word, then, gentlemen, and take our
medicine, because it is good for us and
will strengthen our trotting constitu
tions. M. T. G.
Foals Last Week.
George W. Sherwood reports the fol
lowing foals at his stock farm, Sheldon,
10., during the past week:
Bay filly foaled May 12, by Baymont
(1027), dam Edna Wilkes, by Adrin
Wilkes (0500), second dam thoroughbred. j
Bay filly foaled May 13, by Baymont
(1027), dam Nather Ann, by Walter Fer- |
ris, second dam by old Mack.
Bay colt foaled May 18, by Woodford j
Wilkes (2528), dam Miss Cole, by Mill
waukee (003), second dam Lady Cole, by j
Williams Magna Charta.
Bay colt foaled May 13, by Woodford
Wilkes (2528), dam Miss Messer, 2:28%,
second dam by Herod, third dam, by
Sims Hooglan Grey Messenger (155).
Bay colt foaled May 10, by Woodford |
Wilkes (2528), dam Gratia, by Baymont, I
(1025), second dam Bliss by Western
Chief (695); third dam Richard Bell
founder (63); fourth dam by' Judson
JJambletoian.
Local Horse Notes.
R. C. Judson, secretary of the Breed
ers' association, writes to the Globe,
and states that "the following entries
to the breeders' stakes came to hand
after the entries had been forwarded to
you for publication: J. V. V. Lewis,
Hutchinson, one entry in Slake 6 and
one entry in Stake 9; George Spear,
Minneapolis, one entry in Stake 4; F.
A. Sabine, Lake City, one entry in
Stake 2, one entry in Slake 7, and one
entry in Stake 8."
C. A. Hughes, St. Paul, has bought of
Daniel Campbell, Madison, Wis., the
chestnut mare Maty, by Herod, dam by
Albion, g. d., the Hudson mare ;g also
the bay mare Jennie, by Combination,
son of Herod, dam Mary, by Herod, g.
d., by Albion. Mr. Hughes intends to
breed these mares to Revenue, and then
ship them with his Herod colts to his
place at Spokane Falls, W. T.
Favori, the French coach horse re
cently pmrchased by A. K. Barnnm, is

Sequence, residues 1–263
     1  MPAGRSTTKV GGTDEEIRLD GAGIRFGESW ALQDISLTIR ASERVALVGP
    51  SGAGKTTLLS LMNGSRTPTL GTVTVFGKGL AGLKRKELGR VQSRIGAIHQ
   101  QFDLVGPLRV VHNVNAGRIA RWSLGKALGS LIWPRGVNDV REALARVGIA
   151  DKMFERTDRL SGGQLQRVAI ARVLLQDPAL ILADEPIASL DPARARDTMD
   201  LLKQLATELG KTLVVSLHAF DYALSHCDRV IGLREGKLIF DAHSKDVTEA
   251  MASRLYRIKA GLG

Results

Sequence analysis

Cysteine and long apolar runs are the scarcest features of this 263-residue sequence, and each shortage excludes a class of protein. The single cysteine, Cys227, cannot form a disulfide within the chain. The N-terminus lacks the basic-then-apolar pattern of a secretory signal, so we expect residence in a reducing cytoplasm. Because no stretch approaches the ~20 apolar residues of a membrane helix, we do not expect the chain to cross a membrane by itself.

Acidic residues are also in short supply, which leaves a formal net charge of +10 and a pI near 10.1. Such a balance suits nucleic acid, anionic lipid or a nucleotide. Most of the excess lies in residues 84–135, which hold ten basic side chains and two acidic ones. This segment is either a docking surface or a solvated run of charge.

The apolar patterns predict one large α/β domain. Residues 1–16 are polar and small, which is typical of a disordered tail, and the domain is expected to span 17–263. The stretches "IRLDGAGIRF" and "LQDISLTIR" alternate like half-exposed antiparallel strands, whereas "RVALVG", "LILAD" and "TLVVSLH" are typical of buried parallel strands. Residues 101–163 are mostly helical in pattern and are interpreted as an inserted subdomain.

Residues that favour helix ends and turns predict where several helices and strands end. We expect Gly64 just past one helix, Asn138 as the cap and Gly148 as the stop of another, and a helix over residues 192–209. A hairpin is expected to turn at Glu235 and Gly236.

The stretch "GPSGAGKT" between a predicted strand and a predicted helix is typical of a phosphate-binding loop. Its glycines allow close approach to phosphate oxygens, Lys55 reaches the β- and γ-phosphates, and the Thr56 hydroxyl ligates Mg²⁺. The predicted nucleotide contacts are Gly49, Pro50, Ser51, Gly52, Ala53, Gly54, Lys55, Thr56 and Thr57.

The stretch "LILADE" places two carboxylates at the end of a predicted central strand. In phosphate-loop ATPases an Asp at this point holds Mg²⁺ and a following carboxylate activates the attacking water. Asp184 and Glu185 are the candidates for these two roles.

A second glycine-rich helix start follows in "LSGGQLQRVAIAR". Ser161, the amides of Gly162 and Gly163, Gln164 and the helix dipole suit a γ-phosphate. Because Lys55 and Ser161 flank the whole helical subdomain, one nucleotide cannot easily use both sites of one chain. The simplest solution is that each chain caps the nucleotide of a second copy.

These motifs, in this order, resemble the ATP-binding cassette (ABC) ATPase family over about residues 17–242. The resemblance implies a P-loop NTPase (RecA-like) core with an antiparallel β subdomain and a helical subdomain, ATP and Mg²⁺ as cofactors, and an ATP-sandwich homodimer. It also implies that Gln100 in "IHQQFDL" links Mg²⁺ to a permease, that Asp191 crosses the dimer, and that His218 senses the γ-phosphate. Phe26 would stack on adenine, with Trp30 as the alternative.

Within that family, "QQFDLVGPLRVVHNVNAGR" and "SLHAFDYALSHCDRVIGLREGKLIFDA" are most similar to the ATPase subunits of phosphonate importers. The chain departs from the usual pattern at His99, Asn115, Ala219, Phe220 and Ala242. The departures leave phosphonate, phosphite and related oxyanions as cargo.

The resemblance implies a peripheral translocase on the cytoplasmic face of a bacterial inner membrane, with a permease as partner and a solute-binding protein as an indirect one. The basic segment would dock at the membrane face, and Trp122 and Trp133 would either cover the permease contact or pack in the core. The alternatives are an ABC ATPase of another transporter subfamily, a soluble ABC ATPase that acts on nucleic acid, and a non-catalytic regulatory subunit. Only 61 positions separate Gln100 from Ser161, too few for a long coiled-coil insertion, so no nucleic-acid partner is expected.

now standing for mares at Mat Balfour's
stables on Selby avenue.
D. W. Woodmansee has been re
tained as manager of the stables at Mid
way by the executors.
The sale of the horses of the late Com
modore Kittson will take place on the
27th of June.
Miscellaneous.
Now that Norlaine is dead and gone
Marvin is not slow to tell what a won
derful filly she was, and it is no secret
that he expecied this season to beat with
her the 2:21 of Wildflower, made as a
two-year-old, and that has for so many
years stood at the top of the tree for
performances by trotters of that age.
Another one of whom Marvin had great
hopes was Manzanita, and it was his
idea that she would go a mile this year
in 2:12. The injuries she received at
the Palo Alto lire were not dangerous,
although severe, and it is probable that
she will soon be able to take regular
work.
William 11. Doble, father of Budd
Doble, whose name is a familiar one
wherever the trotter is . known, is now
seventy-six years old, and . as lively .as
most men at sixty. At the opening of
the Suffolk Park races at Philadelphia
last week Mr. Doble was present and
enjoyed the sport. At present the old
gentleman is keeping a road house on
Belmont, avenue, Philadelphia. He has
driven horses in races until the present
season.
H. M. Smith, of the Fashion farm, is
to breed the famous dam Lucy, 2:lBJ£,
Barney, brother to Opal, 2:23, this
spring. Lucy is now thirty-two years
old. Green Mountain Maid is twenty
six. She is in foal to Messenger Duroc.
Miss Russell and Addie are twenty-five.
Both of them are in foal to Electioneer.
Maid of Clay is thirty-two. She has not
had a foal, however, since 1881, but was
bred last season. Lady Fashion dropped
George B when she was twenty-eight.
Augusta Schuyler, record 2:20, made
last fall, is to be bred to Chimes, a full
brother to Bell Boy and Hiuda Rose, he
being by Electioneer, dam Beautiful
Bells, by The Moor.and the result of the
union will be a colt of wonderful blood
lines so far as producing capacity is
concerned, as Augusta Schuyler is a
daughter of the famous mare Emeline,
six of whose sous and daughters are in
the 2:30 list.
Ed Bither, with his string of ten good
ones from Hickory Grove farm, Racine,
Wis., the home of Phallas, has arrived
at Freeport, 111., for the purpose of put
ting his horses in shape for fast work.
So far this season the weather and going
has been such that he has not had an
opportunity to extend his flyers.
The first colt got by the California
stallion Stamboul, 2:liy, won a race
tor two-year-olds at Los Angeles not
long ago, which shows how precocious
the family it, as it is probably unheard
offer a six years Qld to have a two
year-old daughter that is a winner.
W. 11. Crawford, of Lexington, Kv.,
has purchased of I*, L. and F. D.
Stout, of Dubuque, 10., for $9,000 the
bay stallion Sentinel Wilkes, 2499,
foaled IS3-2, by George Wilkes 519, dam
Saturette, by Sentinel 280; second dam
by Bolivar, a whip horse.
The trotting stallion, Voting Smug
gler, owned by John W. Bines, of Kent
county, Maryland, died a few days
since. He was twelve years old, sired
by Smuggler, dam Parepa Rosa, by An
drew Jackson, and had a record of
'.l :'£)}{, made in 1884.
In New York city : it is said that the